Updates to our Terms of Use

We are updating our Terms of Use. Please carefully review the updated Terms before proceeding to our website.

Sunday, February 25, 2024 | Back issues
Courthouse News Service Courthouse News Service

Unfazed by recession fears, US employers add 390,000 jobs

Payroll growth slowed down slightly last month, but still beat economists’ expectations.

(CN) — American employers added 390,000 jobs in May as the unemployment rate stayed at a low 3.6%.   

While last month’s increase marks a drop in hiring from the revised 436,000 jobs added in April, it still beat the Dow Jones estimate of around 328,000.

The U.S. economy is now just 822,000 jobs below its pre-pandemic level in February 2020, according to a Labor Department report released Friday morning.

Payrolls have grown by an average of 408,000 per month over the last three months, even with a pandemic-era low unemployment rate.

“Despite concerns about a slowing economy, employers continue to add jobs at a torrid pace,” said Nick Bunker, economic research director at Indeed Hiring Lab.

Wages are also up 5.2% from a year ago, with the average pay for American workers now standing at $31.95 per hour.

“Demand for workers is tremendously strong and it’s pulling more and more people back into work. The labor market will eventually slow down, but for now it’s still humming,” Bunker wrote.

Many worry the economy is headed for a recession amid high inflation and the Federal Reserve’s effort to stave off more inflation by raising interest rates. But at least as of last month, employers seem to be shrugging off those fears.  

Leading the way in May hiring was the leisure and hospitality sector, which added 84,000 jobs, including 46,000 at food and drinking establishments. Hit hardest by the coronavirus pandemic, the industry is still down 1.3 million jobs compared to February 2020.

Professional and business services added 75,000 positions, continuing its streak of big gains. Employment in that sector is up 821,000 since the pandemic began.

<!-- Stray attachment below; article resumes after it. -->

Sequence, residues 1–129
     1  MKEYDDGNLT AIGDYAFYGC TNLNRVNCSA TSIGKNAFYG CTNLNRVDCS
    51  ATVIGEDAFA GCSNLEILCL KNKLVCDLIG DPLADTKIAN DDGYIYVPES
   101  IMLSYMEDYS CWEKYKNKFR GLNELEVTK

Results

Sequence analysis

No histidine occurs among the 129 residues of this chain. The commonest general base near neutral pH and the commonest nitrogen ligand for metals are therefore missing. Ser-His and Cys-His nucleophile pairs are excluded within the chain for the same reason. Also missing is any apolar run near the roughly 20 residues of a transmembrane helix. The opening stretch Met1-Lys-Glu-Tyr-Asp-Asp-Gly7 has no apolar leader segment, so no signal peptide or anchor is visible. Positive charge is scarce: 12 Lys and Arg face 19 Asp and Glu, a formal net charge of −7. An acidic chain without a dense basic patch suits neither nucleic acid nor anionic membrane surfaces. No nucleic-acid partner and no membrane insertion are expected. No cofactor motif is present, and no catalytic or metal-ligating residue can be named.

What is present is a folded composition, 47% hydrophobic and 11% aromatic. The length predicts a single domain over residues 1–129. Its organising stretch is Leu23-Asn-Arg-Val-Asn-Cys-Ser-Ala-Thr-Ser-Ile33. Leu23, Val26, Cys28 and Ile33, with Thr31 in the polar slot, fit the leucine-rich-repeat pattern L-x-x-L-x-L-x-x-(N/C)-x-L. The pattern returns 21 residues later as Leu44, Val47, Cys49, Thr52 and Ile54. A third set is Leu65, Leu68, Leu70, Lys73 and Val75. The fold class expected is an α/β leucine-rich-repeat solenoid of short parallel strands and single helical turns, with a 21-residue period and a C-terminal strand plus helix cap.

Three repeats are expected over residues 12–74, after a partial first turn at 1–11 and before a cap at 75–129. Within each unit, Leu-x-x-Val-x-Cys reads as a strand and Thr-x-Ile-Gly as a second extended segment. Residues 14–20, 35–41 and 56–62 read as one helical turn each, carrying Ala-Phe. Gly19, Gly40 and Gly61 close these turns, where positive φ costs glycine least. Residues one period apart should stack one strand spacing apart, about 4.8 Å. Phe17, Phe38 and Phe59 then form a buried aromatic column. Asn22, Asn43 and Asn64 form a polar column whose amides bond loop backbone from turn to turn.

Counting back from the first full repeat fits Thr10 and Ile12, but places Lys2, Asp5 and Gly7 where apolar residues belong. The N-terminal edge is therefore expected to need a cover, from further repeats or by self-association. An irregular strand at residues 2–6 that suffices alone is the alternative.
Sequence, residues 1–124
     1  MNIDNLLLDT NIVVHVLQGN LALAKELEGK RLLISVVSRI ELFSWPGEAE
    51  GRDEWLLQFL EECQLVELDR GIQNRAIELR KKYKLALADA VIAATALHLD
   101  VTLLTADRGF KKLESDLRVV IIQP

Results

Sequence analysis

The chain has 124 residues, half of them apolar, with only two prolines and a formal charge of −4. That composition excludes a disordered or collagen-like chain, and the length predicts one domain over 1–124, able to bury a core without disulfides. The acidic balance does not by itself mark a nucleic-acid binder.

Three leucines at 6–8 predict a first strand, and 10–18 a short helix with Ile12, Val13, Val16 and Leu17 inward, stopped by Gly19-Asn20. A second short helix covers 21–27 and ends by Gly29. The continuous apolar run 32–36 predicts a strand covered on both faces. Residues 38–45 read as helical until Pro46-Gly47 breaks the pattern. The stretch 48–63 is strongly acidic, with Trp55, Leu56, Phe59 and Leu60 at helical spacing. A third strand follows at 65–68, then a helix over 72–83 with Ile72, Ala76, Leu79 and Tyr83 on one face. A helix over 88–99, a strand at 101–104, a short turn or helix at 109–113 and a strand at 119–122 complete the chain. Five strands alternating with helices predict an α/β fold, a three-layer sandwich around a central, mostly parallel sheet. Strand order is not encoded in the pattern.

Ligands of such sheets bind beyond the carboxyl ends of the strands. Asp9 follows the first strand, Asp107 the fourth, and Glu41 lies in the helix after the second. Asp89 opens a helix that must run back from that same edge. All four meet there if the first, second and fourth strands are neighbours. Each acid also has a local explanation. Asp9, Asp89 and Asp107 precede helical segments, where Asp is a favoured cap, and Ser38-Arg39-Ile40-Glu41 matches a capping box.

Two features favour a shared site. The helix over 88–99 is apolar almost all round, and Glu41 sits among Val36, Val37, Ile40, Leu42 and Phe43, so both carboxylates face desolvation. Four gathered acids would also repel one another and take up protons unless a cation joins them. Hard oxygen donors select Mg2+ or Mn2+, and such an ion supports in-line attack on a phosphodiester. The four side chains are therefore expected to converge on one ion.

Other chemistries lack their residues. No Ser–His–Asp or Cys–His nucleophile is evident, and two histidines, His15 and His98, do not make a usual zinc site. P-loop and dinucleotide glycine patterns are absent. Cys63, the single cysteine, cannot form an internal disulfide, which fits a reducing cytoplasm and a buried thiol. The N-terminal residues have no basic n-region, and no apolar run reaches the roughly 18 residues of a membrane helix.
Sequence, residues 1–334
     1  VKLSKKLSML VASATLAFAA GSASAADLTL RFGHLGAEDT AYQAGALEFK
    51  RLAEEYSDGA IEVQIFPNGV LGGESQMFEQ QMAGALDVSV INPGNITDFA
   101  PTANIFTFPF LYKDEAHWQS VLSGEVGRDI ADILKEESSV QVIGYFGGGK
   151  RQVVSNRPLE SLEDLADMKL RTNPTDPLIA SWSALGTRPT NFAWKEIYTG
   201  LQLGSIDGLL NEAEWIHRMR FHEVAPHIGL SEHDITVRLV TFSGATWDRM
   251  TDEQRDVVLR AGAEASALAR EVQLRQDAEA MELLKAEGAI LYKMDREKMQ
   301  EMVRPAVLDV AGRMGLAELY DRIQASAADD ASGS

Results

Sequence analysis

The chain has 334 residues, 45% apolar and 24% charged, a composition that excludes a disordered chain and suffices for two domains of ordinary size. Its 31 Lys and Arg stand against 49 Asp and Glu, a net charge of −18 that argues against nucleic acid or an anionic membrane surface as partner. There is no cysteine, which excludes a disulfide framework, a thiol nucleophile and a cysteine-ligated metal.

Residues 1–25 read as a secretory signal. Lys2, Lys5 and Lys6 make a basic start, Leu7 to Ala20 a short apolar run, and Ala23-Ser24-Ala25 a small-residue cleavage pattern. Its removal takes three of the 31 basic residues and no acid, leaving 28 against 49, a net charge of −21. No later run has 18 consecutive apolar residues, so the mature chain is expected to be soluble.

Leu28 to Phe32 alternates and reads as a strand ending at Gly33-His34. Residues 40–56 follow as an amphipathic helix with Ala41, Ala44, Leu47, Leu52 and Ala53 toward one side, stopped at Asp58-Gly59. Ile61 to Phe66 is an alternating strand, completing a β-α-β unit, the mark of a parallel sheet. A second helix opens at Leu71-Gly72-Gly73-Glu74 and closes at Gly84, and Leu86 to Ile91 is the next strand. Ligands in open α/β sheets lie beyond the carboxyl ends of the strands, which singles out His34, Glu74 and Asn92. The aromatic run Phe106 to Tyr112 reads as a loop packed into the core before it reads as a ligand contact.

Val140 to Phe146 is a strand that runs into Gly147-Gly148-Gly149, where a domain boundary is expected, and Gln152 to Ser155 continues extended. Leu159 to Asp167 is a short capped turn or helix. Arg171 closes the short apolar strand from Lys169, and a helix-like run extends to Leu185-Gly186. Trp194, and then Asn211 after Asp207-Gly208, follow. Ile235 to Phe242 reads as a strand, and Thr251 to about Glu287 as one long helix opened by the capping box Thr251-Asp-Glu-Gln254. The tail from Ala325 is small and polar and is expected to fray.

Employers added 47,000 jobs in transportation and warehousing last month, while notable gains were also seen in construction (36,000), health care (28,000), manufacturing (18,000) and wholesale trade (14,000).

There were 61,000 fewer jobs in retail in May, pulled down by a payroll cut of 33,000 at general merchandise stores. Employment stayed about the same in the financial activities sector and other major industries.

In the public sector, state governments added 36,000 positions while there were 16,000 more jobs in local government and 5,000 at the federal level.

The 3.6% unemployment rate is the lowest since the start of the pandemic. It was at a 50-year low of 3.5% just before Covid-19 brought the economy to a standstill.

“The labor market doesn’t seem to be losing much steam. Employers are adding jobs at a very brisk rate despite the low levels of unemployment,” Bunker said.

He added, “When the labor market does start to slow down, hopefully it will do so after many more workers have already found jobs.”

President Joe Biden spoke at the White House on Friday morning to celebrate the jobs report and outline steps his administration is taking to lower costs for Americans.

“There’s no denying that high prices, particularly around gasoline and food, are a real problem for people,” he said. “But there’s every reason for the American people to feel confident that we’ll meet these challenges.”

The president said the progress made on the economy, and the labor market in particular, puts the U.S. in a strong position to combat inflation. He cited expert projections that say the American economy could grow at a faster rate this year than the Chinese economy, which he said hasn’t happened since 1976.

“We’ve laid an economic foundation that’s historically strong and now we’re moving forward to a new moment where we can build on that foundation. Build a future of stable, steady growth so we can bring down inflation without sacrificing all the historical gains we’ve made,” Biden said. “And that’s what we’re beginning to see with today’s jobs report.”

Categories / Economy, Employment, National

Subscribe to Closing Arguments

Sign up for new weekly newsletter Closing Arguments to get the latest about ongoing trials, major litigation and hot cases and rulings in courthouses around the U.S. and the world.